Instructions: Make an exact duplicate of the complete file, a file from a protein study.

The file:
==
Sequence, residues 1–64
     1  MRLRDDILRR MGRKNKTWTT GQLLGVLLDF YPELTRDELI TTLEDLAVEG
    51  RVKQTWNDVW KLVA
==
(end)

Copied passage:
Sequence, residues 1–64
     1  MRLRDDILRR MGRKNKTWTT GQLLGVLLDF YPELTRDELI TTLEDLAVEG
    51  RVKQTWNDVW KLVA